March 3, 2017 by femvestige
I’ve just finished reading The Japanese Lover by Isabel Allende. This book is absolutely beautiful in it’s construction. It is dense, and yet it reads light. The characters are unlikable and utterly lovable.
The book follows Alma Belasco, an 81 year old wealthy woman in a retirement home called Lark House. She befriends and hires a young Maldovan caregiver Irina to assist her in sorting out the memories of her life. Alma’s grandson Seth decides to write a book about Alma’s life – and so a story between three people grows and develops as we plunge back and forth between a present day 81 year old Alma, and the many Alma’s of the past.
Focusing the story in both past and present is the Japanese lover, Ichimei Fukuda. Alma first meets Ichi when she travels from Europe in the early 1940’s to live with her Uncle Issac and Aunt Lillian Belasco in order to save herself from the coming perils. She immediately connects with their son Nathaniel, and Ichi – the son of the Belasco’s gardener. What begins as a childhood friendship grows to be a very complicated and life long love affair. Interspersed throughout the book in no specific order are letters written by Ichimei to Alma throughout their life.
Alma takes Seth and Irina through her history, deliberately not telling them about Ichimei in present day even though the memories the reader experiences come directly from Alma’s head. We get the full story in rich details, while the spoken Alma gives Seth and Irina only pieces of what the reader learns until the very end. Meanwhile, Seth and Irina navigate their own waters as they both research and investigate Alma’s clandestine relationship with Ichi. Seth is in love with Irina, and Irina has her own traumatic past to deal with.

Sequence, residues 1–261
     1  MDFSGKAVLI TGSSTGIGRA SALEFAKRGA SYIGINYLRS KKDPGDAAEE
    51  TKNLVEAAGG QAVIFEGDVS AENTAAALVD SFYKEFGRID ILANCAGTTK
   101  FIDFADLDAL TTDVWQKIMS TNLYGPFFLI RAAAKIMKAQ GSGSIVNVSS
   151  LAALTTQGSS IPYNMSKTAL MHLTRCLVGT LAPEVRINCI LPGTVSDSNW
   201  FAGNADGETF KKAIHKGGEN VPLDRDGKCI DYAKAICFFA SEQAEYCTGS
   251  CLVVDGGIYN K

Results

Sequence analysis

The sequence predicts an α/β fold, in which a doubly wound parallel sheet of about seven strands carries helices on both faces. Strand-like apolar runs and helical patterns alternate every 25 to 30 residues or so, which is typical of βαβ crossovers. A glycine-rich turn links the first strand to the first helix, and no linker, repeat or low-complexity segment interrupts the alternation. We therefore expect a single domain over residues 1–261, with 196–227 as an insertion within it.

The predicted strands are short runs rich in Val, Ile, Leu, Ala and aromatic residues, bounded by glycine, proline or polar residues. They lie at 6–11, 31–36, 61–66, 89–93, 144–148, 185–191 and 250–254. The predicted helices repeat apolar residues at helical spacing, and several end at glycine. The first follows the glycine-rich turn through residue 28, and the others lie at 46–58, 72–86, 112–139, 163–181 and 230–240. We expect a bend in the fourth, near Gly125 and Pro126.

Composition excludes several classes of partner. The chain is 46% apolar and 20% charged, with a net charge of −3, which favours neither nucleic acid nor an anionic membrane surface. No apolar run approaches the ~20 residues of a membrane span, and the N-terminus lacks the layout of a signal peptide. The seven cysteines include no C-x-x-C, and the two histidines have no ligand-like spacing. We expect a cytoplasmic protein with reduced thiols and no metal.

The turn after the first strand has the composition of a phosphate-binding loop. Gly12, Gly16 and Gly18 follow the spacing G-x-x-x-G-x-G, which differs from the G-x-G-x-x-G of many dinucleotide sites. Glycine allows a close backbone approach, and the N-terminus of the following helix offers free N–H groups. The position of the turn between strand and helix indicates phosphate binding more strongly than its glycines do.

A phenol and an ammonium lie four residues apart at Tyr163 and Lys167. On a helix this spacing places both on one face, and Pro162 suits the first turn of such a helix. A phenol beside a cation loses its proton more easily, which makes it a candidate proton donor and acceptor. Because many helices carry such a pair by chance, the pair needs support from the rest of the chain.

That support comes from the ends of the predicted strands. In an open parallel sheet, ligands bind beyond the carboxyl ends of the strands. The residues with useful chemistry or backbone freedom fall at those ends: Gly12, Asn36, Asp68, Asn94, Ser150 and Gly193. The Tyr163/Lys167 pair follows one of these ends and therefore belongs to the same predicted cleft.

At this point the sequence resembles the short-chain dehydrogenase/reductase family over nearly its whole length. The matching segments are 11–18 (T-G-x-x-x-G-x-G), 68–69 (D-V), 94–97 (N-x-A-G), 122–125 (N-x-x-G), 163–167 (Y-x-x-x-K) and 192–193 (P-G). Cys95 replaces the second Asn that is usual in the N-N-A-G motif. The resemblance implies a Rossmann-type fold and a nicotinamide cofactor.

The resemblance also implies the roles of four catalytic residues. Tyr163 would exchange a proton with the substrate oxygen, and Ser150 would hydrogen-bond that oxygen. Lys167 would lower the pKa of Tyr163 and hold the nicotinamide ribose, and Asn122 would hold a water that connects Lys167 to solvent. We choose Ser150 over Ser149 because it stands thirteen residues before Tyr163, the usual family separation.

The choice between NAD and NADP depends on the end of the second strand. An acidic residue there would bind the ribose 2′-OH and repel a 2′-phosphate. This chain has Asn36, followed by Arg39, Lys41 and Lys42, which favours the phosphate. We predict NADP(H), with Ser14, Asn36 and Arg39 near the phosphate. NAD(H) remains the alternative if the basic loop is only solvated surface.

Alma’s life is truly extraordinary – we learn about the experience of corresponding with a Japanese family in an internment camp in America during the war. We learn about the shift in American morals as the age of free love, civil rights, and women abortions come to light. We learn about marrying out of duty and protection rather than for love. We learn about sexuality, or lack thereof. Meanwhile, Alma self-admits to being a shallow woman who cannot bring herself to marry for love if it means giving up a life of wealth for a life of poverty.
The Japanese Lover is an absolute tapestry, where things are in chronological order and where things are completely jumbled with no pattern. And yet, it is a masterpiece of family systems. How does a family of wealth evolve over time, and what does their family system look like with nanny’s and chauffeurs, versus a small family of poverty working together to run a business in order to survive. The relationships that Alma develops throughout her life, and the relationships we see develop between Alma, Seth, and Irina are deep, complicated, and individual.
Best of all is the magic realism. Isabel Allende is known for writing in this style in all of her books – and yet it is so subtle in this novel that it’s almost unnoticeable. For those who do not know, magic realism is the use of the mythical, supernatural or fantastic elements in realistic fiction. For example, in Lark House, it is well known that a mother who passed away there named Emily haunts the grounds with her lost child. I identify with this concept and I always appreciate when I notice it’s use.
The book is long, but it is an endearing experience that makes you laugh, makes you sigh, makes you feel hollow, and makes you feel full. Allende touches on many topics ranging from casual substance abuse, sex trafficking, and child pornography to abortion, race, disabilities, and homosexuality. It has it all, with deep character development that will make you miss them when you are done.
Rating out of 5: ✮✮✮✮
Genre: Fiction/ Magic Realism
Dates Read: 02/25/17 – 03/03/17
Character Development: A+
Best Feature: Seamless coexisting plot lines
Worst Feature: slow pace